- On July 10, Allan’s attorney offered a settlement to surrender some spaces in exchange for a rent discount of $1,000 per month.
- On September 24, Allan’s attorney asked 3CDC to delay changes to the parking lot, alleging it “interferes with our use of the leased property.”
- On September 26, 3CDC rejected Allan’s request. "Landlord will work with tenant to ensure its customers have parking,” wrote 3CDC General Counsel Caitlin Felvus. “Landlord will not, however, leave the parking lot open to illicit activities in which tenant is at best complacent or worse, involved."
Two days after that exchange, Cinci Wireless sued for breach of contract and sought an injunction to prevent changes to its parking lot. That led to a counterclaim in which 3CDC sought a termination of the lease and eviction of Cinci Wireless, based on an alleged failure to maintain the parking lot as required by the lease. As the case headed for trial, 3CDC transferred the property’s ownership to OTR Holdings Inc., which also owns the building where L&S Market operates. And it closed the Elm Street entrance to the cell phone lot.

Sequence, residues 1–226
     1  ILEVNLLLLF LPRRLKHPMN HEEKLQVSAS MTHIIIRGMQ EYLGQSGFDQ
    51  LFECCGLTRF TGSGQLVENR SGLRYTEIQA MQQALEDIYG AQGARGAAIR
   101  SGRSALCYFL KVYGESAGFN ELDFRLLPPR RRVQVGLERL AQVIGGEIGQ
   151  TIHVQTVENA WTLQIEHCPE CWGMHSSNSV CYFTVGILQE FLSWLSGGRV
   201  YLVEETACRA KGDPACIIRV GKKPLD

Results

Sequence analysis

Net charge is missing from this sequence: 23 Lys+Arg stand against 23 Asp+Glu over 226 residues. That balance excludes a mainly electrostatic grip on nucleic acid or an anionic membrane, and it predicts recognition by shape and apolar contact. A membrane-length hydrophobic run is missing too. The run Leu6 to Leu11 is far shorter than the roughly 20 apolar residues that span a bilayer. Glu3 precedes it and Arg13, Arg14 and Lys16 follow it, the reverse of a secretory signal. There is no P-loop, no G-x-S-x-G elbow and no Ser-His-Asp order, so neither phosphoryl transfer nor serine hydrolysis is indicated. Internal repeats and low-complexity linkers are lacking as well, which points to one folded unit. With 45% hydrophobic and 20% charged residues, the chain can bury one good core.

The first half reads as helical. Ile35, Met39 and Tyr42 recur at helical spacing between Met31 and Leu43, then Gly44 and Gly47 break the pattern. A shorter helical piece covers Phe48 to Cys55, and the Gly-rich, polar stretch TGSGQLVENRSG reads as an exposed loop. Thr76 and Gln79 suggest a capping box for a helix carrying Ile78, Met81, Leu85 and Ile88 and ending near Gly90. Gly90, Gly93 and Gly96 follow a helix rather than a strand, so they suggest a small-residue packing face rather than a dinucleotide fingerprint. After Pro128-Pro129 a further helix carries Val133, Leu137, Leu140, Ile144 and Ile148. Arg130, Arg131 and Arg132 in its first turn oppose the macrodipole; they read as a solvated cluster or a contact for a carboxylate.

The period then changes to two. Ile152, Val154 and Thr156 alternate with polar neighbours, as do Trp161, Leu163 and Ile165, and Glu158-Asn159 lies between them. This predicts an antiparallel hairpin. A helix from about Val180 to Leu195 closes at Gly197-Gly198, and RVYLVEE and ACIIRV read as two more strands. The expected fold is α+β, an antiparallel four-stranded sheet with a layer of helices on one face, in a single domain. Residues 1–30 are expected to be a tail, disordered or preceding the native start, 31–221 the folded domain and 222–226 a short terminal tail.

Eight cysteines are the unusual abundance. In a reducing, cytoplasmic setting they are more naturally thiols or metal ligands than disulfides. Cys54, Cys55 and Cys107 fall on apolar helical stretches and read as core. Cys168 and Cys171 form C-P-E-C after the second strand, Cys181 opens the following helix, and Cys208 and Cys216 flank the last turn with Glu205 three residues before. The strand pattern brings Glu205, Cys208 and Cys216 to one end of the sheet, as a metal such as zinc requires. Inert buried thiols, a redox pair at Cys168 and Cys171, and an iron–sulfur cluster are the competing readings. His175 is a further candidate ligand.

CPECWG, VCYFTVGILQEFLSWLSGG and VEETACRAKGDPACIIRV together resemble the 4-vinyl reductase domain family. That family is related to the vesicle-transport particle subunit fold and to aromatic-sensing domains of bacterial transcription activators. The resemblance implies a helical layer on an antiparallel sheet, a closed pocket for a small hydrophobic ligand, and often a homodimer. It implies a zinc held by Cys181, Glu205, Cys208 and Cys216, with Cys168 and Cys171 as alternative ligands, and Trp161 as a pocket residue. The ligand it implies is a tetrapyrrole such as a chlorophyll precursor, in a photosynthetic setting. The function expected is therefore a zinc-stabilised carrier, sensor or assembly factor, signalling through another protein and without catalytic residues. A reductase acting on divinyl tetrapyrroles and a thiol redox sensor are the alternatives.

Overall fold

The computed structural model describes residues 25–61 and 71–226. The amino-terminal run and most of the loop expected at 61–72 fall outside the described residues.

After a bench trial in August, Hamilton County Visiting Judge Guy Guckenberger rejected both claims and ordered 3CDC not to use “any portion of the parking lot in a way that unreasonably interferes with plaintiff’s business, excepting as moot, the point of ingress-egress removed as of the trial date.”
By the time Guckenberger’s ruling was filed with the court in October, 3CDC had filed a second eviction case against Cinci Wireless, alleging it failed to make a July rent payment to OTR Holdings. Affidavits show there was confusion about how the rent was to be paid.